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The high cost of specialty drugs continues to plague the healthcare industry. Here’s why.
One of the key factors that leads to higher costs with all drugs-not just those for cancer treatment-is the way the cost of these drugs is reimbursed, says Anna Kaltenboeck, program director and senior health economist at Memorial Sloan Kettering’s Center for Health Policy and Outcomes.
“The purchasing and reimbursement system that we have in place favors higher prices, because the purchasing and prescribing intermediaries that are involved in that supply chain have proportional incentives associated with the price of drugs,” she adds.
Kaltenboeck notes that pharmacy benefit management firms also have an impact on drug prices, in particular when it comes to rebates. “They also benefit from that higher list price that they can negotiate down from,” she says.
Here are four more factors that are driving up the cost of oncology drugs, according to experts:
Kaltenboeck highlights that it’s really hard to push patients off an oncology drug. That’s particularly the case, she says, when a patient is responding well to the treatment.
“For instance, if you have someone taking Gleevec, it doesn’t make sense to take that patient off [the treatment] if they’re responding well to it. Once you have a group of patients who are controlled on a particular drug, it doesn’t stand to reason that you would simply change their treatment because of the fact that a cheaper drug became available.”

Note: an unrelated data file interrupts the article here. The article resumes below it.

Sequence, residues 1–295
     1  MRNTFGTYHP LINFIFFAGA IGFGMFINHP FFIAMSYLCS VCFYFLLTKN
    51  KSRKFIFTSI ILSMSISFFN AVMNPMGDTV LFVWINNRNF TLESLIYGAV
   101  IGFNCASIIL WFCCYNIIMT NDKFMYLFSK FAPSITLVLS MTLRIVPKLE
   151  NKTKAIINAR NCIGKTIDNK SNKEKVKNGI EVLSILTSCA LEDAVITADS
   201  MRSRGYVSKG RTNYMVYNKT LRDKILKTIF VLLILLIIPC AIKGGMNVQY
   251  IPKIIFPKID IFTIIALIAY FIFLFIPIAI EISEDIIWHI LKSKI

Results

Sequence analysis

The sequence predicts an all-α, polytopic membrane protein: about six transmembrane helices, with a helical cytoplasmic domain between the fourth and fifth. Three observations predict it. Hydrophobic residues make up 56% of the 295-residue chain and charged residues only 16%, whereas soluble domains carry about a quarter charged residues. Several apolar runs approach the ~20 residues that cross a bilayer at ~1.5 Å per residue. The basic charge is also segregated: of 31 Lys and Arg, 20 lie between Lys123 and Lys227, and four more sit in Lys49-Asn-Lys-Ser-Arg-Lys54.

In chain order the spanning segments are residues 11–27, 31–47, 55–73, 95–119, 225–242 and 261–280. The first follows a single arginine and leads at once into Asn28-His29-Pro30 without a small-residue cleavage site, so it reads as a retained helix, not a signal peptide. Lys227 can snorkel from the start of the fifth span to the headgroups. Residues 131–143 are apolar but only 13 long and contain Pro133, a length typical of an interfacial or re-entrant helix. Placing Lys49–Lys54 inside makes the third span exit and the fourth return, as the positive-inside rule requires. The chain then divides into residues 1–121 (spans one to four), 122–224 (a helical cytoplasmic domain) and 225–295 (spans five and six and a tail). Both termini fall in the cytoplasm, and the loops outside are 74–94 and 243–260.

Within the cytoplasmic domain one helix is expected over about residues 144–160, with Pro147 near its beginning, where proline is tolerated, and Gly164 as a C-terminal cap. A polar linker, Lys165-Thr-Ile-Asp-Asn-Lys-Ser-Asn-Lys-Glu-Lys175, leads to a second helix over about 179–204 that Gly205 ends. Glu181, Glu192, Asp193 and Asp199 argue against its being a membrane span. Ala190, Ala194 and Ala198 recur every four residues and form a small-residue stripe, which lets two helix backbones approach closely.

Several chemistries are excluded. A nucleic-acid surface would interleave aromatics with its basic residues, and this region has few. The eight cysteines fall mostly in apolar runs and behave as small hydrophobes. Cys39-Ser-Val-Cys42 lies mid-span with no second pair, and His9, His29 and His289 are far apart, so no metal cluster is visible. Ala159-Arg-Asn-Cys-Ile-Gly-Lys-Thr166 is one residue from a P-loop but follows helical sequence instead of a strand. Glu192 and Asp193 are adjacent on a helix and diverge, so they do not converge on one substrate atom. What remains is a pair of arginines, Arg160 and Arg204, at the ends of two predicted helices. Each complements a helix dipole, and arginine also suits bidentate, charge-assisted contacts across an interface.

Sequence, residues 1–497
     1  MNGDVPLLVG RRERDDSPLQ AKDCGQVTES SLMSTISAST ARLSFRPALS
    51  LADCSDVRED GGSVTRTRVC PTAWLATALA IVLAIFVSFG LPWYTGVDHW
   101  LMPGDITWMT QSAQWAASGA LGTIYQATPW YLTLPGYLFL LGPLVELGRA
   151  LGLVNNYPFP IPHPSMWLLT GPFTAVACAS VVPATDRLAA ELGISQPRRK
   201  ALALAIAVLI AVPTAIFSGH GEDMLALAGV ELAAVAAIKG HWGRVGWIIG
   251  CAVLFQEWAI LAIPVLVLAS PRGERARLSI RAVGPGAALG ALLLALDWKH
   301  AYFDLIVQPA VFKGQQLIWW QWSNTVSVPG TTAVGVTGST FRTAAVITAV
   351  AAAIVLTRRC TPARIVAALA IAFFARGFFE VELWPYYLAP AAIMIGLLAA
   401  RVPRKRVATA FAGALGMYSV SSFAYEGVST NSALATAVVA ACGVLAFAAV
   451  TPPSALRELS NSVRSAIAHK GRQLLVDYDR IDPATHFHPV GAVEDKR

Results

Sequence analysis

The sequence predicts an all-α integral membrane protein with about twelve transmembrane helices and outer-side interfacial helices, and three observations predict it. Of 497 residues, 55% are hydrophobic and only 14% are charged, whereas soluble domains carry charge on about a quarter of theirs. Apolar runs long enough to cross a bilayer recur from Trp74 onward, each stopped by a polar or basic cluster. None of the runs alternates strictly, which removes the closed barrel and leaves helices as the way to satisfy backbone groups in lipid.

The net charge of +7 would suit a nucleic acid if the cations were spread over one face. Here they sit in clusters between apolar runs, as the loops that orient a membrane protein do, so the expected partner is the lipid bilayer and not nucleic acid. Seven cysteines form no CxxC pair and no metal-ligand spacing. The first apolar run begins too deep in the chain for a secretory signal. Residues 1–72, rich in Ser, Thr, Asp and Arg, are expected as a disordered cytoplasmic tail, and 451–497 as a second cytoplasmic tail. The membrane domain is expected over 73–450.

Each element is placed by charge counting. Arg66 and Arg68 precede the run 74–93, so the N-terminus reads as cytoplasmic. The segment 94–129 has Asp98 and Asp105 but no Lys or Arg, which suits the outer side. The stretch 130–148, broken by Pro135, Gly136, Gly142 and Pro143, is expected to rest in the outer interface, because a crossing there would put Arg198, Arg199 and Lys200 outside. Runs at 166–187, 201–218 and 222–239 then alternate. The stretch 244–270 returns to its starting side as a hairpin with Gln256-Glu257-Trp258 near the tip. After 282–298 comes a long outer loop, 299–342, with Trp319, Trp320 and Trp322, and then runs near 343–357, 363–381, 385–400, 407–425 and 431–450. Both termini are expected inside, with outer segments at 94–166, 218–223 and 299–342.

There’s no national program for evaluating the drugs to determine the clinical value of the drugs that a company brings to market, says Steve Pearson, MD, founder and president of the Institute for Clinical and Economic Review, a Boston-based nonprofit that evaluates the value of medical treatments. What that means is companies are generally left to set drug prices at their own discretion, he says.
“Obviously, we need to think about potential competition with existing drugs or drugs to come, but the system doesn’t push back in any other way. Certainly, compared to other countries, that’s one of the reasons that prices in this country are significantly higher,” adds Pearson.
“There have been huge investments in the cancer space because the incentives in our reimbursement space are aligned toward higher prices,” says Kaltenboeck.
In addition, it’s hard for providers and payers to say “no” to a drug, she adds. Medicare can’t negotiate with drug companies on the cost of drugs, which means that Medicare then has to cover the cost of those drugs.
“There’s a reason for that,” she says. “You don’t want health plans discriminating against patients who are really sick, so you want to offer the full plethora of cancer drugs.”
This dynamic has created a system where cancer drugs increasingly cost more, and payers feel they can’t restrict access. One of the impacts of this system is payers aren’t in a position to manage the cost effectiveness of these drugs, she adds.
Unlike with many other diseases, cancer is often viewed from an emotional standpoint, meaning that cancer, if untreated, can lead to patients’ deaths.
“It’s often striking people in the middle age, where they have families and it is a very frightening diagnosis and it’s one that people, individually, are certainly willing to pay a lot of money to try to get a beneficial treatment,” says Pearson.